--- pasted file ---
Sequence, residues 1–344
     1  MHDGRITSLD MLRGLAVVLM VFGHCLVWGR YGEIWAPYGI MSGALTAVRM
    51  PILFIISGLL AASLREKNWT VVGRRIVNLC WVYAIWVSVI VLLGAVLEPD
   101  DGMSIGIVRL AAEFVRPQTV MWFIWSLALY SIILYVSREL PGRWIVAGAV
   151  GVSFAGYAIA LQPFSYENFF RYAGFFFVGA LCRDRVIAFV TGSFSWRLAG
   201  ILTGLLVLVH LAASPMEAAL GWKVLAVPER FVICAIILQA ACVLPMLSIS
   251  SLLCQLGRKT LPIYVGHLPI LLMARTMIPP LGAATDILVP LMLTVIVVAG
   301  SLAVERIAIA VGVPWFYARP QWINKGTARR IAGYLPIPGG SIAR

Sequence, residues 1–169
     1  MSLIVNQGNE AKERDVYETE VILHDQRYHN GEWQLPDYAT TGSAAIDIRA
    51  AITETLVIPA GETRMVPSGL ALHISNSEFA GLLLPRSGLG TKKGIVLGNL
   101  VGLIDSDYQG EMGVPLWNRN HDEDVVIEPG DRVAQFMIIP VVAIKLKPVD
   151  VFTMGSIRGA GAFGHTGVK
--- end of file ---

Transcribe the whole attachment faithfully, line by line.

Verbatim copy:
Sequence, residues 1–344
     1  MHDGRITSLD MLRGLAVVLM VFGHCLVWGR YGEIWAPYGI MSGALTAVRM
    51  PILFIISGLL AASLREKNWT VVGRRIVNLC WVYAIWVSVI VLLGAVLEPD
   101  DGMSIGIVRL AAEFVRPQTV MWFIWSLALY SIILYVSREL PGRWIVAGAV
   151  GVSFAGYAIA LQPFSYENFF RYAGFFFVGA LCRDRVIAFV TGSFSWRLAG
   201  ILTGLLVLVH LAASPMEAAL GWKVLAVPER FVICAIILQA ACVLPMLSIS
   251  SLLCQLGRKT LPIYVGHLPI LLMARTMIPP LGAATDILVP LMLTVIVVAG
   301  SLAVERIAIA VGVPWFYARP QWINKGTARR IAGYLPIPGG SIAR

Sequence, residues 1–169
     1  MSLIVNQGNE AKERDVYETE VILHDQRYHN GEWQLPDYAT TGSAAIDIRA
    51  AITETLVIPA GETRMVPSGL ALHISNSEFA GLLLPRSGLG TKKGIVLGNL
   101  VGLIDSDYQG EMGVPLWNRN HDEDVVIEPG DRVAQFMIIP VVAIKLKPVD
   151  VFTMGSIRGA GAFGHTGVK